The march itself had six objectives; fair civil rights laws, a federal works program, fair employment, decent housing, the right to vote and integrated education. The leaders of the march were invited to meet President Kennedy and in the aftermath of this meeting – The President proposed new civil rights legislation. He would be assassinated before it came to pass.
Malcolm X joined the Civil Rights Movement
Malcolm X, a representative of the Nation of Islam, had called for a black separatist state but in 1964, he met with Martin Luther King Jr. and joined the civil rights movement. This was not without controversy. In direct contrast to King’s non-violent approach, Malcolm X still believed and promoted violent retaliation for violent actions by racist Americans.
In April of 1964, Malcolm X promised Americans that continued violence would mean extreme violent repercussions and spoke of “ballots or bullets.” It is commonly accepted that Malcolm X was a hugely influential figure in the Civil Rights Movement of the 1960s.
The first gay rights demonstration
The first gay rights demonstration in America took place in 1964. Randy Wicker, Jefferson Poland and a small group of people from the “Sexual Freedom League” (the majority of which were straight) had had enough of the endless discrimination against gay people in the armed forces.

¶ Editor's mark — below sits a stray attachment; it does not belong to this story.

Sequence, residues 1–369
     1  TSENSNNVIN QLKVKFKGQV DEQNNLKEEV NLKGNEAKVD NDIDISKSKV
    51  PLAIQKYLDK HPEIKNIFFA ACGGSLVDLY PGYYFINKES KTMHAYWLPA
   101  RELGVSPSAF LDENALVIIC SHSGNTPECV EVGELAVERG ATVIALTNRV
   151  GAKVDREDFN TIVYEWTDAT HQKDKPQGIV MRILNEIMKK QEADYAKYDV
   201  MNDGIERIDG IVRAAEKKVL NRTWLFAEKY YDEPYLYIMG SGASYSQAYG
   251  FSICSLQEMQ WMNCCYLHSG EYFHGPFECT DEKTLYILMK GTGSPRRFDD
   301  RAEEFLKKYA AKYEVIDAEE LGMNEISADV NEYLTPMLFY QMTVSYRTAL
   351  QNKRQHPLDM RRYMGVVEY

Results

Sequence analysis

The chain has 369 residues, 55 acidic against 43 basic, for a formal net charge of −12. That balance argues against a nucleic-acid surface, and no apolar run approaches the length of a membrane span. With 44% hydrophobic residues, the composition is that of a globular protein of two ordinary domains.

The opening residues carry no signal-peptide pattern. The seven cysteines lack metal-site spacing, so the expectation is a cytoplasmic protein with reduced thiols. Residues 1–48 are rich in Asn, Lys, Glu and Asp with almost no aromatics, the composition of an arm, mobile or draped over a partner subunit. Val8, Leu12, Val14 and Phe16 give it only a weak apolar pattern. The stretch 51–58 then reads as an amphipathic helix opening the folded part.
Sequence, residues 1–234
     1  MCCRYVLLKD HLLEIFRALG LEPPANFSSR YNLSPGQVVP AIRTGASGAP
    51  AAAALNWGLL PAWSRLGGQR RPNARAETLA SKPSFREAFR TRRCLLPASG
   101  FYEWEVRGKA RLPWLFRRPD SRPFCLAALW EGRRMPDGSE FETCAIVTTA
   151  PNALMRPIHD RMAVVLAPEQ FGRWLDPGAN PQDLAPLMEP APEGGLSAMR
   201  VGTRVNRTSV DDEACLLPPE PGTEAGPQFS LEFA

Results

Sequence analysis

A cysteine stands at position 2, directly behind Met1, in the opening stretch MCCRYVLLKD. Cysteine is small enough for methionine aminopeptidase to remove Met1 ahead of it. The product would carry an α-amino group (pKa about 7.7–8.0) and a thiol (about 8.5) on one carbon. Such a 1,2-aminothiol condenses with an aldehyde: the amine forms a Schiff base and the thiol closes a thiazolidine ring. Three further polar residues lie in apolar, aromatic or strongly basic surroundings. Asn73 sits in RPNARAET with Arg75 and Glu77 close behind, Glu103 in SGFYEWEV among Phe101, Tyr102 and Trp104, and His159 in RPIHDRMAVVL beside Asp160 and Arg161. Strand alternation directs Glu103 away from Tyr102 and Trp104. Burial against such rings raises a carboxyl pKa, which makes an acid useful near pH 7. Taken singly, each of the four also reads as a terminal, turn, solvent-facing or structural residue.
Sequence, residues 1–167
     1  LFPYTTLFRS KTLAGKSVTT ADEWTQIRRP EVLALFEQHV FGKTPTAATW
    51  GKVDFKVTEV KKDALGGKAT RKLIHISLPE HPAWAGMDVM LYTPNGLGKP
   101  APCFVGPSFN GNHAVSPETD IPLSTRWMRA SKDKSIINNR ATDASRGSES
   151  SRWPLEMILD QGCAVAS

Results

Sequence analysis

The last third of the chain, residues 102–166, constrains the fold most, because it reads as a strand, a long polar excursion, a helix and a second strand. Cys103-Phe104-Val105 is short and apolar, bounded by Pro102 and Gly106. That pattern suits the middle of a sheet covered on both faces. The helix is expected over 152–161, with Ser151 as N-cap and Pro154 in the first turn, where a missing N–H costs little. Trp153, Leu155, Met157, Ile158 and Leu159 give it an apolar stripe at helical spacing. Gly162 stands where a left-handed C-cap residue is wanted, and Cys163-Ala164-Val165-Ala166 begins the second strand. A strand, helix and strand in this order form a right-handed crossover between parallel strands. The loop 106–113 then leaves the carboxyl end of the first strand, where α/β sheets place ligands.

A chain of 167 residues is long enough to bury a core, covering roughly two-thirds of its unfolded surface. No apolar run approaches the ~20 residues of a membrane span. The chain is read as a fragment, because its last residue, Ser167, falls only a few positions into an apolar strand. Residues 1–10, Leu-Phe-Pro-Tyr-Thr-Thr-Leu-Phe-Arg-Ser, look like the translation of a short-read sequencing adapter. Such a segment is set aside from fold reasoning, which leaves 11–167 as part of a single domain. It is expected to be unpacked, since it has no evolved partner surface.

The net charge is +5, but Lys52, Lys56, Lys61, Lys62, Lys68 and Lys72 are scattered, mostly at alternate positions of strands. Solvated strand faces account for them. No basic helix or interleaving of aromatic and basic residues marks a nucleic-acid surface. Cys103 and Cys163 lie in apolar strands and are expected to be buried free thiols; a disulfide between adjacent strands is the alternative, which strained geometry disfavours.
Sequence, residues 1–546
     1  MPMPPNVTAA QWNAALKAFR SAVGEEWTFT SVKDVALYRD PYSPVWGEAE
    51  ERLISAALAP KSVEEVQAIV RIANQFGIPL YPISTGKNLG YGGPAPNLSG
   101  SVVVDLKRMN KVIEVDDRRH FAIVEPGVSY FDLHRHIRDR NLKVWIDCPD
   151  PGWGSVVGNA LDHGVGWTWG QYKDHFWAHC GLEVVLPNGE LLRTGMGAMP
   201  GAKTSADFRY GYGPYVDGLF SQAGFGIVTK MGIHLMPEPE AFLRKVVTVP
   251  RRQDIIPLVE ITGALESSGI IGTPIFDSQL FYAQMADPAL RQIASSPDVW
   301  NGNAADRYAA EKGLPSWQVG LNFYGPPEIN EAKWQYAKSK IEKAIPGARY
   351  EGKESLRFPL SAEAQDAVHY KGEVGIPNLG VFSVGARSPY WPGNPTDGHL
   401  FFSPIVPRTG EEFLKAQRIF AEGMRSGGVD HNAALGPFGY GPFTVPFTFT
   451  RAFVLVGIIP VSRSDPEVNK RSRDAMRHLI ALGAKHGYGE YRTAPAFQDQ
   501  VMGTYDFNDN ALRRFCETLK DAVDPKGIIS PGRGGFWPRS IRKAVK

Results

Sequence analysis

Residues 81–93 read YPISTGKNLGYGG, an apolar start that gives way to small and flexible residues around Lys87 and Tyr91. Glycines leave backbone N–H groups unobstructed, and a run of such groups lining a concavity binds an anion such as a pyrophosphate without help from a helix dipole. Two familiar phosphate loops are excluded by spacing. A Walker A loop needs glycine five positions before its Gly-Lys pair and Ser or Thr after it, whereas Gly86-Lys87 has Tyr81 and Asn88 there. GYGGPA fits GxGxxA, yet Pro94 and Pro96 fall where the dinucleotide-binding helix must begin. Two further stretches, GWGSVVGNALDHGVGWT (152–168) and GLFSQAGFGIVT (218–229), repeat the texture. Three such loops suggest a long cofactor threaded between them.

They went to the Army recruiting center in New York which was at 39 Whitehall Street. The protest attracted very little attention and was ignored by mainstream media and even by much of the gay community. The recruiting center, however, was immortalized in Arlo Guthrie’s “Alice’s Restaurant” for its notoriety during the Vietnam War draft period.
The Civil Rights Act of 1964
President Kennedy had proposed a sweeping range of reforms and while it was commonly believed he didn’t have the votes to push these reforms through, he was assassinated before a vote could take place. His successor President Johnson, however, did present a bill to congress to enshrine civil rights in America.
It passed, though not without incredible amounts of resistance – including 54 days of filibustering – from certain members of Congress. On the 2nd of July, 1964, Johnson was finally able to sign the bill into law and The Civil Rights Act of 1964 finally made it illegal to discriminate based on “race, color, religion, sex or national origin” in employment practices and public housing allocation.